A poorly defined coronal hole (CH164) in the northern hemisphere near the equator was in an Earth facing position on May 10-12. A new coronal hole (CH165) formed in the southern hemisphere when corona was blown away by the M8 flare on May 13, CH165 was in an Earth facing position on May 13-14. A recurrent coronal hole (CH166) in the northern hemisphere will likely be in an Earth facing position on May 17.
Processed SOHO/EIT 284 image at 01:06 UTC on May 15. The darkest areas on the solar disk are likely coronal holes.
The geomagnetic field is expected be minor to severe storm on May 15, quiet to minor storm on May 16 and quiet to unsettled on May 17.
|Coronal holes (1)||Coronal mass ejections (2)||M and X class flares (3)|
1) Effects from a coronal hole could reach Earth
within the next 5 days. When the high speed stream has arrived
the color changes to green.
2) Material from a CME is likely to impact Earth within 96 hours.
3) There is a possibility of either M or X class flares within the next 48 hours.
Green: 0-20% probability, Yellow: 20-60% probability, Red: 60-100% probability.
Long distance low and medium frequency (below 2 MHz) propagation along east-west paths over high and upper middle latitudes is very poor. Propagation along long distance north-south paths is poor. Trans Atlantic propagation conditions are normally monitored every night on 1470 kHz. Dominant station tonight: Radio Cristal del Uruguay. WWZN on 1510 kHz had a fair signal prior to the arrival of the CME, then the signal disappeared suddenly.
Compare to the previous day's image.
Data for all numbered solar regions according to the Solar Region Summary provided by NOAA/SEC. Comments are my own, as is the STAR spot count (spots observed at or inside a few hours before midnight) and data for regions not numbered by SEC or where SEC has observed no spots. SEC active region numbers in the table below and in the active region map above are the historic SEC/USAF numbers.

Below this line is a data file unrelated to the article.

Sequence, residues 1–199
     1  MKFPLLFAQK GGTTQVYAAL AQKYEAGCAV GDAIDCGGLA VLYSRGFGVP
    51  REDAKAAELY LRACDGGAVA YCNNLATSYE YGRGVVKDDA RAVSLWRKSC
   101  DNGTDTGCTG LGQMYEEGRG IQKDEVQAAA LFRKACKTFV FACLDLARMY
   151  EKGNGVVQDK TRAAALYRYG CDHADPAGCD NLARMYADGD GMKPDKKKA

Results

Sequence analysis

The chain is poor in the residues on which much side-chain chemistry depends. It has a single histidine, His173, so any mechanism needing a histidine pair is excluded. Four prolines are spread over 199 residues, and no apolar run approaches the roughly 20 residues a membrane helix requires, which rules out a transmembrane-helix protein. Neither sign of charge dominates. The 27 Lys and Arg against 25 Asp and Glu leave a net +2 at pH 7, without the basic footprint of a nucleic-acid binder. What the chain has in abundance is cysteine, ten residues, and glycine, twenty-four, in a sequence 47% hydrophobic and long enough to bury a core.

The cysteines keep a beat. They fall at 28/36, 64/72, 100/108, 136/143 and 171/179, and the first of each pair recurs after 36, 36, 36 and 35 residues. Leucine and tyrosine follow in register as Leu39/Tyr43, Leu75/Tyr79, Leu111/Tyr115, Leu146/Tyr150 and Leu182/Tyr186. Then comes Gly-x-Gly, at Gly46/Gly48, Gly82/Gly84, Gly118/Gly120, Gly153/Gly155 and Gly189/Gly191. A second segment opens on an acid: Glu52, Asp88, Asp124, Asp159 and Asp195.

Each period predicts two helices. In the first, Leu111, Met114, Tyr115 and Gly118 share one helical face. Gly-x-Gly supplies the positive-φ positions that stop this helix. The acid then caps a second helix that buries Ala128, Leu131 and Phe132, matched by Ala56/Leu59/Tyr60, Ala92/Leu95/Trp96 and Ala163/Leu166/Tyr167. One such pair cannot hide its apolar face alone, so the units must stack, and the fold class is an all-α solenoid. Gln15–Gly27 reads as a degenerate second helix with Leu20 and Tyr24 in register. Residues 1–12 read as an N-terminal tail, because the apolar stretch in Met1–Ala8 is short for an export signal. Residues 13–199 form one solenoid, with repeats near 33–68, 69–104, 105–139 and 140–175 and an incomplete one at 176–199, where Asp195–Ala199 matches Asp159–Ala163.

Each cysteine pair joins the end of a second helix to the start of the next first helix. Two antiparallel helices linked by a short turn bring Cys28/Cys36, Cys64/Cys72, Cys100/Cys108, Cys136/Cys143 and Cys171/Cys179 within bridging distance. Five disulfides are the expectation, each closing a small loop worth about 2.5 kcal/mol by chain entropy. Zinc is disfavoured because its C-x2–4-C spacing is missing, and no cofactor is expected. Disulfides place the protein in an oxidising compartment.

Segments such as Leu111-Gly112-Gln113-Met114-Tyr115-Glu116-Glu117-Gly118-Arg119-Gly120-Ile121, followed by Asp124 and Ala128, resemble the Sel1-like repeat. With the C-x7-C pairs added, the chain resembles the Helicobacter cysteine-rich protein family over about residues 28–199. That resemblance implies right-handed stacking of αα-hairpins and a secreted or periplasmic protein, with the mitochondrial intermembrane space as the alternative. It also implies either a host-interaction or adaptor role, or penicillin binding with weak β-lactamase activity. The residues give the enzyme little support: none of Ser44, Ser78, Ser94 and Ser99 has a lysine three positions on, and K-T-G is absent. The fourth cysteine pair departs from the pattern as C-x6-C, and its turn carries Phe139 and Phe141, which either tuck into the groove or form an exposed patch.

|Active region||Date numbered||SEC
|Location at midnight||Area||Classification||Comment|
|10758||2005.05.02||3||S10W90||0150||HAX||rotated out of view|
|10762||2005.05.10||13||9||S12W37||0090||DAO||area was 0070 at midnight|
|Total spot count:||51||34|
flux at Earth
|International sunspot number||Smoothed sunspot number|
cycle 23 sunspot max.
|2004.11||113.2||43.5||(34.8 predicted, -1.1)|
|2004.12||94.5||17.9||(33.4 predicted, -1.4)|
|2005.01||102.2||31.3||(30.9 predicted, -2.5)|
|2005.02||97.2||29.1||(28.3 predicted, -2.6)|
|2005.03||89.9||24.8||(26.5 predicted, -1.8)|
|2005.04||86.0||24.4||(24.6 predicted, -1.9)|
|2005.05||110.9 (1)||36.6 (2)||(22.0 predicted, -2.6)|
1) Running average based on the daily 20:00 UTC observed solar flux
value at 2800 MHz.
2) Unofficial, accumulated value based on the Boulder (NOAA/SEC) sunspot number. The official international sunspot number is typically 30-50% less.
This report has been prepared by Jan Alvestad. It is based partly on my own observations and analysis, and partly on data from some of these solar data sources. All time references are to the UTC day. Comments and suggestions are always welcome.